- Contributed by
- People in story:
- Miss Dorothy E Wiggins
- Location of story:
- Loughborough, Leicestershire
- Background to story:
- Article ID:
- Contributed on:
- 31 October 2005
This story was submitted to the People’s War site by a volunteer from Age Concern, Dorchester on behalf of Miss Dorothy E Wiggins, and has been added to the site with her permission. Miss Wiggins fully understands the site’s terms and conditions.
I was 29 years old at the beginning of the war. I was living in Loughborough to where I had been moved by my employer, Petters Engineering Ltd. I worked in the light engineering part of the firm that had moved out of its Yeovil premises to give room for the expansion of the aircraft section, Lysanders, at the beginning of the war. Both places, ie Loughborough and Yeovil, were bombed, but we, at Loughborough, were on the fringes of the Coventry blitz.
On the Sunday morning in September 1939 when war was declared, I was at the telephone exchange learning foreign emergency numbers. My job was sufficiently important to have to know these numbers; I was a personal secretary. Our duties at Loughborough were switched from Sales to the needs of a wartime engineering firm for other establishments requiring their products. Petter engines were used for farmers’ milking machines, industrial uses — often emergency ones — and as engines for naval requirements for smaller craft. I was Secretary to the Chief Sales Engineer for Home Sales.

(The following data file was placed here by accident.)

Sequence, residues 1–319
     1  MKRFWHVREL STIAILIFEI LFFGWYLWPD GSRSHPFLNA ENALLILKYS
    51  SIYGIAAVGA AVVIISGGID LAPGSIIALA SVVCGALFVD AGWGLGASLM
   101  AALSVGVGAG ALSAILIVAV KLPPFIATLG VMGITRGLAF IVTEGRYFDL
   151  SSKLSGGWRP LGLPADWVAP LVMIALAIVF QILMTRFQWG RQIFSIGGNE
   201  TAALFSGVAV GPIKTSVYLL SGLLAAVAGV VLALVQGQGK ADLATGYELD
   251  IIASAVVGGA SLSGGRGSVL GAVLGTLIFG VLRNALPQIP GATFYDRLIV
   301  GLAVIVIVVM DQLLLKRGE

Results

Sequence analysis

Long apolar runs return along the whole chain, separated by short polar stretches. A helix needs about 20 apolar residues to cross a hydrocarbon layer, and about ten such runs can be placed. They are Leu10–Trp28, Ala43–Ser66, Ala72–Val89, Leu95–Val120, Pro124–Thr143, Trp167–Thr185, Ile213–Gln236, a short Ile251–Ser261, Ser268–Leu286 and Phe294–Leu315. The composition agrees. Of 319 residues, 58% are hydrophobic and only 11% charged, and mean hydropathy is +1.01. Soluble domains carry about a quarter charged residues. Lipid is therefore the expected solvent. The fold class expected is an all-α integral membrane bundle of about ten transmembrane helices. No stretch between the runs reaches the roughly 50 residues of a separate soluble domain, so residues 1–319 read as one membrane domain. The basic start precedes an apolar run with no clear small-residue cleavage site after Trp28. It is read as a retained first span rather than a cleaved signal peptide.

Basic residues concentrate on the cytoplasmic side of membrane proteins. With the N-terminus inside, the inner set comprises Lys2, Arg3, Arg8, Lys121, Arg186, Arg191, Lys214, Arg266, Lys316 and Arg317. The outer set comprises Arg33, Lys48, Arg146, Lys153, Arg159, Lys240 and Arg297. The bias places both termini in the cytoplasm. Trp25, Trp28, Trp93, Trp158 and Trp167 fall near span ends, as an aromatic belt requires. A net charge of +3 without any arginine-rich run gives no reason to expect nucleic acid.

I joined the Home Guard in Loughborough. We manned some offices out of hours. I had a bump on the nose in the black-out and a black eye.
One of our Directors, Captain Petter, said that they were thinking of evacuating our London office overnight. He wanted to know if the Landladies of our digs could accommodate any of the three people from the London office. My landlady said that she would rather have a lady from London she didn’t know anything about, than have an expectant woman from Coventry. When I said my landlady would take one of the London ladies, we met them at the station and one of the London staff moved into my digs. We got on beautifully. We had to teach her how to wear country style clothes instead of the London style.
My landlady’s husband built an air raid shelter in the garden for himself and his wife with only room for the two of them. So when the sirens went Katy (the lady from the London office) and I went underneath the dining room table. There were bombs in the area but none dropped very near us. We played cards underneath the table as we waited for the All Clear.
During the war my Company designed something to take the place of petrol on buses — but it was only at the experimental stage. We worked 12 hours a day. We had a firm’s Club to mix with the other employees. That’s where we had our education — in darts, billiards and other games.
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